Public parks across the city offer free outdoor movie screenings most weekends. You can check out the locations and film selection here.
Go art gallery-hopping in Chelsea
- Rogue Space
Manhattan’s Chelsea neighborhood is filled with art galleries of all stripes. You could easily fill a morning or afternoon hopping from gallery to gallery, and if you’re lucky, you might score some free wine and cheese.
Pay your respects at the African Burial Ground
- National Parks Service
The African Burial Ground in Lower Manhattan marks the final resting place for thousands of enslaved and free people of African descent who were buried there in the 1600s and 1700s.
The memorial is always free to access.
Get a tour of the Federal Reserve Museum and Gold Vault
- Shutterstock/Allen G.
The Federal Reserve Bank of New York offers free tours of its museum and gold vault. There is limited space, so tickets must be reserved in advance.
Attend a hot dog-eating contest for the ages
- Reuters/Andrew Kelly
If you’re in town for the Fourth of July, one free entertainment option is Nathan’s Famous hot dog-eating contest at Coney Island.
You might just witness history – last year, men’s champion Joey Chestnut broke his own record by downing 72 dogs in 10 minutes.
Sit in the audience of your favorite late-night show
- Theo Wargo/NBC/Getty Images
If you’re a fan of late-night TV, there’s nothing better than seeing one filmed in person. Most shows allow you to reserve free tickets online, or if those run out, you can try waiting in the standby line.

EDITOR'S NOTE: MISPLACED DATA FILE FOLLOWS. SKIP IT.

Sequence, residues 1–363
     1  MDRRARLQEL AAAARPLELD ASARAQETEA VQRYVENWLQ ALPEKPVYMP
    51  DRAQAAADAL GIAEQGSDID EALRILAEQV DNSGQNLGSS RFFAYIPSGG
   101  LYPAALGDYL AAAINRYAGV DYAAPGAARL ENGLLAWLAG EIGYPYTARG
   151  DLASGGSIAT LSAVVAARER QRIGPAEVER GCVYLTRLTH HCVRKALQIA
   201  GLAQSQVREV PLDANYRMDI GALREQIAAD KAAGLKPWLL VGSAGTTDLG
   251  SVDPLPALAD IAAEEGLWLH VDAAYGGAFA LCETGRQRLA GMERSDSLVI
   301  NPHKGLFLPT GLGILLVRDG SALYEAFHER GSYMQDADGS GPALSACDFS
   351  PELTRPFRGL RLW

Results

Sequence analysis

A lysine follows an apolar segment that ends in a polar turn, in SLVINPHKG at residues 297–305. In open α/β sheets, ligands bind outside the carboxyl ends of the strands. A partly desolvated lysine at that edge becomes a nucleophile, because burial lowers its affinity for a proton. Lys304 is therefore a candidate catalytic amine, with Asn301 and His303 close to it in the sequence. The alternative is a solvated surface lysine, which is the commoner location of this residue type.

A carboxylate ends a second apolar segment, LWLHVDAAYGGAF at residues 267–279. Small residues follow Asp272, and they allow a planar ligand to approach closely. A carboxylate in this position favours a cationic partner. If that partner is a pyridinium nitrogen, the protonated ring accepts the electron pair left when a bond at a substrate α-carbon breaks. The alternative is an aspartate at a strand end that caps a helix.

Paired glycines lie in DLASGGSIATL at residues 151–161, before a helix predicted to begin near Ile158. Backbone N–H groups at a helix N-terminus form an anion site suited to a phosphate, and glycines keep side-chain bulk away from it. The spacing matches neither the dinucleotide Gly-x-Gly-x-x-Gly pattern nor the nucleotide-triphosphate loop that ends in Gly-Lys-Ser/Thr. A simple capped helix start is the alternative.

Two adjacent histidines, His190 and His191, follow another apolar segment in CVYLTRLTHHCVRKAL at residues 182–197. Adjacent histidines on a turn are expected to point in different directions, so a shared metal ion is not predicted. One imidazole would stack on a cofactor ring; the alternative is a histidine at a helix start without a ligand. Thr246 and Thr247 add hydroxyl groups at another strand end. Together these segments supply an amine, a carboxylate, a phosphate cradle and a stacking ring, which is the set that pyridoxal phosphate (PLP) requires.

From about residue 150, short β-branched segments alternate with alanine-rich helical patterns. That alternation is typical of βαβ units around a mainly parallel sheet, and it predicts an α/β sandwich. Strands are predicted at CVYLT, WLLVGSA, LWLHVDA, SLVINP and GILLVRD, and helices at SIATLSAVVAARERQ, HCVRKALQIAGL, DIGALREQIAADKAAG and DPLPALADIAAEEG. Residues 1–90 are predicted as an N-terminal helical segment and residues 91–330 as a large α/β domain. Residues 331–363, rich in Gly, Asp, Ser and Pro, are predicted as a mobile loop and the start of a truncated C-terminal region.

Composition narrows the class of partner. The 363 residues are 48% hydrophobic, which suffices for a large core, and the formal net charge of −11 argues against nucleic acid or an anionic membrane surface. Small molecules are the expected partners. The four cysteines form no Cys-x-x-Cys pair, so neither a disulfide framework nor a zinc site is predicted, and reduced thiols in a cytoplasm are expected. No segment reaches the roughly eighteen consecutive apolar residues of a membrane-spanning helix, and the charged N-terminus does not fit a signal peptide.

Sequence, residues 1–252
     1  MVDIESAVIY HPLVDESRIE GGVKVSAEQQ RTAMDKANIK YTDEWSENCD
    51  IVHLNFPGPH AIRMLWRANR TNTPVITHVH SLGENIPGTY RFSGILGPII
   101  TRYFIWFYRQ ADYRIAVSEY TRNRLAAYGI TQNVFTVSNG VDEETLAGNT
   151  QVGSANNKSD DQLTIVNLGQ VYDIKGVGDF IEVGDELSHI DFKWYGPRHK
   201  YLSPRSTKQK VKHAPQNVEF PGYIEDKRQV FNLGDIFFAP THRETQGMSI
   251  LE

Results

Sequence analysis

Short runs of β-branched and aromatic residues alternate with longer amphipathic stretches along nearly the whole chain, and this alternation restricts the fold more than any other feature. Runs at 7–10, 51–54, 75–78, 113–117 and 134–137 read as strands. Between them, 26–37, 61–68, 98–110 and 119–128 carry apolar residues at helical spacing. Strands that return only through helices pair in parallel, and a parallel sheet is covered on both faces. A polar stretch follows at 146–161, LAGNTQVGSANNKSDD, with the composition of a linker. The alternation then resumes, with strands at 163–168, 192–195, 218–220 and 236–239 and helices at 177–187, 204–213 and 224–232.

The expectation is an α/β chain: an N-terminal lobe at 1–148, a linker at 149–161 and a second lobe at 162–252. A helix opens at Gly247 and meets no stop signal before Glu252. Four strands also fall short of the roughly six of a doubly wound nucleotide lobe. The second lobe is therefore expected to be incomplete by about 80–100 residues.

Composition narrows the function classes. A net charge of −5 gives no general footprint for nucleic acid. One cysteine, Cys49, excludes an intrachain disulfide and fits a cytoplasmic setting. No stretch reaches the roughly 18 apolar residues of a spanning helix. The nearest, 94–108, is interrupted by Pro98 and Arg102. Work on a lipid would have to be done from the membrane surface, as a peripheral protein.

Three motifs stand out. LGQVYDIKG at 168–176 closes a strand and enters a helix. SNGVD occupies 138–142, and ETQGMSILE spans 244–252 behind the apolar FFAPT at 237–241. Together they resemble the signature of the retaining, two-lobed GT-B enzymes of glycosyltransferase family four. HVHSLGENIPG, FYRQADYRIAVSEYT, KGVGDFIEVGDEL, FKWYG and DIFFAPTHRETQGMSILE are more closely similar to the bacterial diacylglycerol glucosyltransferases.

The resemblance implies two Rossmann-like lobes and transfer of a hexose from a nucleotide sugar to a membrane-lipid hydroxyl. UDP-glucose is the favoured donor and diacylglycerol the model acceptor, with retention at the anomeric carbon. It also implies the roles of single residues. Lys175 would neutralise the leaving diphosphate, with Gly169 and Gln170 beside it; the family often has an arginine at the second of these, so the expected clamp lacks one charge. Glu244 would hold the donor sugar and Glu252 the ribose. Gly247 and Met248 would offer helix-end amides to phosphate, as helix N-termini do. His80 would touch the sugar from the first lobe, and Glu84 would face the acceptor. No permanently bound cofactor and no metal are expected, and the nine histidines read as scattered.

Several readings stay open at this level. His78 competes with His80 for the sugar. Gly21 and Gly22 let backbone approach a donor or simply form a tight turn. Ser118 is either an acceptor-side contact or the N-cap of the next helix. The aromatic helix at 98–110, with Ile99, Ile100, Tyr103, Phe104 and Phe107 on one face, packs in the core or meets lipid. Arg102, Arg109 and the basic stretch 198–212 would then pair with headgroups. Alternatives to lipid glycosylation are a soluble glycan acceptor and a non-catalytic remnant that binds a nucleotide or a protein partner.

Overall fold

Go on a walking tour
Numerous companies offer free, guided walking tours through various Big Apple neighborhoods. You can check out some of the best ones here.
Admire the New York Earth Room — a roomful of soil worth $1 million
- Dia Art Foundation
The New York Earth Room is an art installation – sorry, an “interior earth sculpture” – consisting of 250 cubic yards of soil stacked two feet high in a large, white room.
Supposedly, the creation is worth $1 million, but you can check it out for free in SoHo.
Peruse the ornate main branch of the New York Public Library.
Most travelers wouldn’t want to spend their previous vacation time in the library, but the New York Public Library’s main branch is a worth an exception.
Among the attractions are its famous pair of stone lions, one of the only surviving copies of the Gutenberg Bible, and numerous murals and paintings adorning the walls. You can walk around on your own or head to the information desk for a free guided tour.
Check out the Revolutionary War-era Old Stone House
- 30 Walks in Brooklyn
The Old Stone House in Brooklyn’s Park Slope neighborhood is a reconstruction of a house that played a pivotal role in the Battle of Long Island, the first major battle of the Revolutionary War.
Inside is a small museum about the battle and life in New York at the time. Admission is free, although there is a suggested donation of $3.